In case anyone was wondering what Rick was talking about when he mentioned modulo arithmetic, here’s what that is: if you remember when you first learned division in grade school, and if it didn’t divide evenly, you had what’s called a “remainder” - the remainder is what is the outcome of a modulo operation (I’ve only ever heard it called “modulo” in the domain of programming - if this exists anywhere else, feel free to point it out!)

The modulo operation is represented with the percent symbol (%). And the reason it works so well here with the waypoint loop is that, as Rick pointed out, you want to go back to waypoint index 0 after reaching the last one.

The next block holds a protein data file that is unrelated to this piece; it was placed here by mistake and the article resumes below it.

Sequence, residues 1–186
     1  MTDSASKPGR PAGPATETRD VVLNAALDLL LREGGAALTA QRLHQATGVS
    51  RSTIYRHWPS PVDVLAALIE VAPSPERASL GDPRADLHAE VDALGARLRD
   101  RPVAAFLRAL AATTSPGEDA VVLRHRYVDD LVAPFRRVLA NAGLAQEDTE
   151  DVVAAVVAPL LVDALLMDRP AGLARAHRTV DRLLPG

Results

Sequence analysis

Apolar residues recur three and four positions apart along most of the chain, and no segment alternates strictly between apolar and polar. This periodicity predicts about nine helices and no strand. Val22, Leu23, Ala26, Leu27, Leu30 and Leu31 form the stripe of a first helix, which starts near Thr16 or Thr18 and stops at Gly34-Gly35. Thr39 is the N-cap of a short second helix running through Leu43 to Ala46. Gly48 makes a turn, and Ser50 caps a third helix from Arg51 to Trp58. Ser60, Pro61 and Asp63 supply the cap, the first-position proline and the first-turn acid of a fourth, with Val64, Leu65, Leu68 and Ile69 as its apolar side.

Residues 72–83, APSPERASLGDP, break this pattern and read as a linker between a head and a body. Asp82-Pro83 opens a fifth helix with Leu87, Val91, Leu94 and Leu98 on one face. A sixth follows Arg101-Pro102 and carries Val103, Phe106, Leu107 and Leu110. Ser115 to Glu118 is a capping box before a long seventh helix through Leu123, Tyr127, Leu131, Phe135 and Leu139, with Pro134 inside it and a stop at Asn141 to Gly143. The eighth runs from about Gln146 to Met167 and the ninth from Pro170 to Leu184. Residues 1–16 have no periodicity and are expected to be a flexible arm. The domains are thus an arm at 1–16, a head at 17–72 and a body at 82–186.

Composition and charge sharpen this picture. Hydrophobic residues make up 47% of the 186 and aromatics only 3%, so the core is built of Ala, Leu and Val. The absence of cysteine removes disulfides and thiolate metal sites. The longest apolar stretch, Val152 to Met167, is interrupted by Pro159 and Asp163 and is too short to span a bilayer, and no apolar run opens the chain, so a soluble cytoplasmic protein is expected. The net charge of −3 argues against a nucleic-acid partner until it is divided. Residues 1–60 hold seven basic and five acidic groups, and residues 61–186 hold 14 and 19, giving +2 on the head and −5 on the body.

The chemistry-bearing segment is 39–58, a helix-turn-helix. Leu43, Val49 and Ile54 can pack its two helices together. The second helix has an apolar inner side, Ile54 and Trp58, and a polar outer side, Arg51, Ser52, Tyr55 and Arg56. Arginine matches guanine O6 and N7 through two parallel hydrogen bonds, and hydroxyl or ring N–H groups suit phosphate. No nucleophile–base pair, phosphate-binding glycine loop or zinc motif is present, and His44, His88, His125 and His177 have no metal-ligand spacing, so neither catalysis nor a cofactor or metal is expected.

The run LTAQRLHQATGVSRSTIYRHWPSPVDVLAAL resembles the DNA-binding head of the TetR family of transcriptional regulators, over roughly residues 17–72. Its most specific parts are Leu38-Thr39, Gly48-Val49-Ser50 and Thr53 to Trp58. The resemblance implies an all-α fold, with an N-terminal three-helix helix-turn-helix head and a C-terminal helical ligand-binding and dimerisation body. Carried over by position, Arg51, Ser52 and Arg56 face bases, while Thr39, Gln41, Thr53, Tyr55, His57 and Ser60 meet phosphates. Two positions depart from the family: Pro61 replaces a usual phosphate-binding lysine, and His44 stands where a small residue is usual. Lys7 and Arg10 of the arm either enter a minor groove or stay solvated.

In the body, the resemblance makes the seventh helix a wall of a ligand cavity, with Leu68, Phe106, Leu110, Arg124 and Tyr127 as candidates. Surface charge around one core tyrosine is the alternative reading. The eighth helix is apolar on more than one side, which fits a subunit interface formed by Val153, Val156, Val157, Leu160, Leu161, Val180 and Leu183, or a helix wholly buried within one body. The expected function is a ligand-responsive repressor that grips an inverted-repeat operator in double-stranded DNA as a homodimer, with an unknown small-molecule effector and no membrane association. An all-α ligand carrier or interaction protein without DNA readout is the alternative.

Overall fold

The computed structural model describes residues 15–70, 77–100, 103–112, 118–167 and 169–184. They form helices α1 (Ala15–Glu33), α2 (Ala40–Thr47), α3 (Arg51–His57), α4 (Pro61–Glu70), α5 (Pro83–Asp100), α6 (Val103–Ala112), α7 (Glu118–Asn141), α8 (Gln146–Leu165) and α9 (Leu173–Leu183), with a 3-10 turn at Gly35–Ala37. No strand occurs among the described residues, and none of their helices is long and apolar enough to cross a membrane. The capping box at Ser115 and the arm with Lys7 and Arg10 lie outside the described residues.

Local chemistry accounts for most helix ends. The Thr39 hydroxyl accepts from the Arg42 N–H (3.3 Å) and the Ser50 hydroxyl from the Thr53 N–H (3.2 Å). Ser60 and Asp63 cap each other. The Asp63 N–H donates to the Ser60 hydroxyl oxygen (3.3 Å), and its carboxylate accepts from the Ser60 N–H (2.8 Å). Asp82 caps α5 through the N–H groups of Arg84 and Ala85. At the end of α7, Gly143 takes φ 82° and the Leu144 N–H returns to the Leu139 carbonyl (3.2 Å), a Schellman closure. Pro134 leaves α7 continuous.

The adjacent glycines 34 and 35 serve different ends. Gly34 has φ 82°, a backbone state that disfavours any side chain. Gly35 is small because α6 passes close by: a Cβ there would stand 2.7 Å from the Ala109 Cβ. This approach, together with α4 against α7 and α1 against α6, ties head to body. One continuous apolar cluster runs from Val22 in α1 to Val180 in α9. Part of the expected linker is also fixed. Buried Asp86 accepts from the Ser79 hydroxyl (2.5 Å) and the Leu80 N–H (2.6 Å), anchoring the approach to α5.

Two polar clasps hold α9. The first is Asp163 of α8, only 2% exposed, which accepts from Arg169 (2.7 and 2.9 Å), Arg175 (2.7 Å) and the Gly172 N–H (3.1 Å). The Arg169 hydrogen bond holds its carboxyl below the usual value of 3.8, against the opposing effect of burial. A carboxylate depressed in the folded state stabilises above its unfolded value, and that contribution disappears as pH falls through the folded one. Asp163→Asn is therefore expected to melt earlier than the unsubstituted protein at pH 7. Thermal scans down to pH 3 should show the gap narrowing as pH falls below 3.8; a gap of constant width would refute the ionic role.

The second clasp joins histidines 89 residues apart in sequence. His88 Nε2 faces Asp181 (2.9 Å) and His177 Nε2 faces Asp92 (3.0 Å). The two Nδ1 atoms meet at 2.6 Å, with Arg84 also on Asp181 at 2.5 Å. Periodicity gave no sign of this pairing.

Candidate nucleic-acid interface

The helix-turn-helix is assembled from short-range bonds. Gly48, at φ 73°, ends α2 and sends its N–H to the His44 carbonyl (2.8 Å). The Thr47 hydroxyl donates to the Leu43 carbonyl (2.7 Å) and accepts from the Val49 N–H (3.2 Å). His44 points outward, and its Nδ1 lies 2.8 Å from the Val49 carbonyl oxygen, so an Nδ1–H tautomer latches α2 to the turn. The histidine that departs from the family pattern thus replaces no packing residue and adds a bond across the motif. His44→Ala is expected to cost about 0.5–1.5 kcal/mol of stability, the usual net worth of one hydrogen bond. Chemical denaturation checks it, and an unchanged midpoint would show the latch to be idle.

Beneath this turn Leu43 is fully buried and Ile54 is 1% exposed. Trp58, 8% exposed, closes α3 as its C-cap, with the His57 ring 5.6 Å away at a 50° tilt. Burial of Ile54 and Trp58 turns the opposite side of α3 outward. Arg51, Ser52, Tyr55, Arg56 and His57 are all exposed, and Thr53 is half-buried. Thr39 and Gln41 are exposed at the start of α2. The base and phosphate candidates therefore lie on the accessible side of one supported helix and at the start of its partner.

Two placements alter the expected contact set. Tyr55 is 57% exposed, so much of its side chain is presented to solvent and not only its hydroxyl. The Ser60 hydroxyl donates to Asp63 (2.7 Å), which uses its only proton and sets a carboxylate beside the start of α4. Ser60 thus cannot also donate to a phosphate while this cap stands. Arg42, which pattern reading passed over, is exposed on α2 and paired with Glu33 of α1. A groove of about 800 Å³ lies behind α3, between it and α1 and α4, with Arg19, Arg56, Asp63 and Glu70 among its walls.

So given index i of the current waypoint, if you were to divide i+1 by the total number of waypoints, once you reached the end, your division operation would give you 1 with a remainder of 0; otherwise, you would just get 0 with the remainder still being i+1. And conveniently enough, we can reuse transform.childCount to get that total number of waypoints.

So you can use the if statement, as Rick shows, and that will work. But if you want a more concise operation, you can simply put this into your GetNextIndex() function:

```
return (i + 1) % transform.childCount;
```

Come to think of it, you may not even need a separate method in that case - you could just put that in the for loop and have the PatrolPath script be that much cleaner.

Hope that clarifies things for anyone who’s interested!